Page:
An aisle—it looks almost like a whole department—is devoted to figurines depicting crafty deer getting the comeuppance on witless hunters, displayed on plush fabric, museum-style, anticipating the way you’ll display them at home.
Pricing doesn’t try to trick you with numerical suffixes, .95s and .99s—there are lots of $5.15s and $1.10s. They do tend to round to the nearest nickel, but a serviceable backgammon set is yours for 33 cents.
Star Sales keeps up with the times. Your trendy electronic store may not even carry High-Tech Birds, but you can find them at Star Sales for just $2. They’ve got little robot Hi-Tech Cats, too.
They’ve got computer games as low as $5.15 (the Pocket Arcade) and you may regret buying that Apple MacBook; Star Sales offers a Notebook Supercomputer for just $27.65.
They’ve got some standard name-brand stuff, too, all pretty cheap. (Chutes and Ladders, $8.60, the travel edition of Battleship, $5.15.) You may get the sneaky suspicion that Wal-Mart buys from Star Sales.
A stroll through can convince you you’ve been wasting your money for years.
They’re obviously proudest of their knife collection. The pocketknives are laid out separately, like jewelry, in glass cases near the entrance. Star Sales has enough pocketknives to equip the Continental Army. Some are as cheap as $1.50, and they have convincing Swiss Army Knife knockoffs, but also the genuine item imported from Switzerland, plus Case knives, Smith and Wesson knives, some top of the line in the $80-90 range. Though knives take up a tiny percentage of the floor space—the place is as big as a Kroger—they have a place of honor, and you might get the impression that all of Star Sales’ good deals serve mainly to introduce customers to their glittering array of pocketknives. Even if you have all the pocketknives you’ll ever need, the hazard of leaving with another is great.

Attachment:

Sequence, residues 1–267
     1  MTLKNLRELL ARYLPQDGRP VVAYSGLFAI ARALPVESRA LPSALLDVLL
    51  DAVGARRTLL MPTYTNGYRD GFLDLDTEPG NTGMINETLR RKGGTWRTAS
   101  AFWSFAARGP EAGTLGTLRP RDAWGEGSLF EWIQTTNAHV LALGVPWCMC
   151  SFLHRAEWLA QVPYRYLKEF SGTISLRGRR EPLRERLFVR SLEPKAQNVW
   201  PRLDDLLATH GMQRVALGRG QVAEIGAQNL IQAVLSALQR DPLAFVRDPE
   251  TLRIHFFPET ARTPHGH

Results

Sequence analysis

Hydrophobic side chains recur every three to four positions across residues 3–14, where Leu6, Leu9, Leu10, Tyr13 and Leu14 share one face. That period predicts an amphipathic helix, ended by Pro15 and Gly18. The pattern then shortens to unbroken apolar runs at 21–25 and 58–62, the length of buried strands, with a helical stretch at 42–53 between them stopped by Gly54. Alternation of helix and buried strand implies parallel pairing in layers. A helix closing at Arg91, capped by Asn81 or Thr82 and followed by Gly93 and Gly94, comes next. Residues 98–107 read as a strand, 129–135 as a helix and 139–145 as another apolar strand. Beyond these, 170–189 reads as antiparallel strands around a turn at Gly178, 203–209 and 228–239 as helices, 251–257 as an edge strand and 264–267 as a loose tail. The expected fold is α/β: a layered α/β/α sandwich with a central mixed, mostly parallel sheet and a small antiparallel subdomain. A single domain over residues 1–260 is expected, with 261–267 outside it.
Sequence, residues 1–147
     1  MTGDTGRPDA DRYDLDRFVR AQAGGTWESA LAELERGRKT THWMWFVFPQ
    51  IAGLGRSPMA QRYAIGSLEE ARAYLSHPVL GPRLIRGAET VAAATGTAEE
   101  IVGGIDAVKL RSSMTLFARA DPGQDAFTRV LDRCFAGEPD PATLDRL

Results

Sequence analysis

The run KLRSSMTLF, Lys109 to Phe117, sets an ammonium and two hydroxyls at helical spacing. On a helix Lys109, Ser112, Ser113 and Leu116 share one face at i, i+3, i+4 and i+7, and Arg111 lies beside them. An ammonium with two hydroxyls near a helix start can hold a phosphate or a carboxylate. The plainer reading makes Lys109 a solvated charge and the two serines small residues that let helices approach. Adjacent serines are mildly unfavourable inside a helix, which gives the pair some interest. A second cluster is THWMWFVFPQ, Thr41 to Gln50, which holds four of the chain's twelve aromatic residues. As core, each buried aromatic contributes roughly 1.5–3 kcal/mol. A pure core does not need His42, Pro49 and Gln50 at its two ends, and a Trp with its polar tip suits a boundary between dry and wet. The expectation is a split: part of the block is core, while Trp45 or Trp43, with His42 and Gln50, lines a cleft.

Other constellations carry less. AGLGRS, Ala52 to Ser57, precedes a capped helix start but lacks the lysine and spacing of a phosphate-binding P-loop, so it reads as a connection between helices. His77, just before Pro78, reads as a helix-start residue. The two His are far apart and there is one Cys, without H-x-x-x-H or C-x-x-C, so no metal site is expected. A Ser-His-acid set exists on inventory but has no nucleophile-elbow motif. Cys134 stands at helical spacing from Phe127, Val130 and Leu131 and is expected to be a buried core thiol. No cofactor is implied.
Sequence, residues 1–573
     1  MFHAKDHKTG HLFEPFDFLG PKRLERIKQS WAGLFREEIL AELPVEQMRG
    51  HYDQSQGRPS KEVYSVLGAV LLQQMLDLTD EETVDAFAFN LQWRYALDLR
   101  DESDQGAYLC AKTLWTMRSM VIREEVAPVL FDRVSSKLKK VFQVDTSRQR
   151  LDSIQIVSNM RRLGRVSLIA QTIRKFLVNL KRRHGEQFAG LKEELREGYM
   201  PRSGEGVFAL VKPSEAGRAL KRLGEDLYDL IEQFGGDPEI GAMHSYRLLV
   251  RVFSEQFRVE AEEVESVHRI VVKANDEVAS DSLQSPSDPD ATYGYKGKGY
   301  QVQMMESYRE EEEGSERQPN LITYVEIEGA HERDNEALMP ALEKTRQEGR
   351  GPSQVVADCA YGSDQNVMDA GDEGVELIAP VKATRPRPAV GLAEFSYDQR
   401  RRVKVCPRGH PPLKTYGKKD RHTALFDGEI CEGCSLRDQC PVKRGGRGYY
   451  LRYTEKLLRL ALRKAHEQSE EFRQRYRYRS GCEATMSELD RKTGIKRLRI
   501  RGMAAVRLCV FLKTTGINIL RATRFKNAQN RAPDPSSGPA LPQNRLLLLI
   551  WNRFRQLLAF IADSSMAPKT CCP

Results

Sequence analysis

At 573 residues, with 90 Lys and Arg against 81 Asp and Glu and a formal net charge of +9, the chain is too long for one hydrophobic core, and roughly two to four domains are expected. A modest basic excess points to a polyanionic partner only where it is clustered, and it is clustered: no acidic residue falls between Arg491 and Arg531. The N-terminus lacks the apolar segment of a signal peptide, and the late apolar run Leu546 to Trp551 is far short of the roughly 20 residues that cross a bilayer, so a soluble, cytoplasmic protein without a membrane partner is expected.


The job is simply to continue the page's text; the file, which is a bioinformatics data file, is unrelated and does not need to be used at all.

They’ve got great deals on hardware and kitchenware and office supplies and lots of home décor, but you suspect that where Star Sales is most appreciated this time of year is for the toys.
A plush dog pet is $11, more than most toys at Star Sales, but this lovably cuddly dog actually speaks. One of the things it says is, “Oh, no! That’s not my smell, that’s you!”
Many of these are imports, the sort of things the Chinese think English-speaking people would like, like the Naughty Animal Keychain, which features rubber toy pigs and elephants making appropriate squeals. A Funky Lady piggybank depicts a jolly woman with an enormously round torso. The Bendable Clowns look like cheap toys at first, and then you notice their faces and hands are porcelain. A Growing Dinosaur Egg, not guaranteed by the Chinese to be paleontologically accurate, goes for $1.10.
As of this week, Star Sales wasn’t overdoing the Christmas cheer with seasonal music, but some days, especially on Saturday—Star Sales is open Saturdays only this time of year, but just until 2:30—the store takes on a fringe of Christmas cheer. If you have kids who aren’t particular about name brands, you could stuff a stocking with genuinely surprising and fun things for less than you’d spend on lunch at Rankin’s, down the street.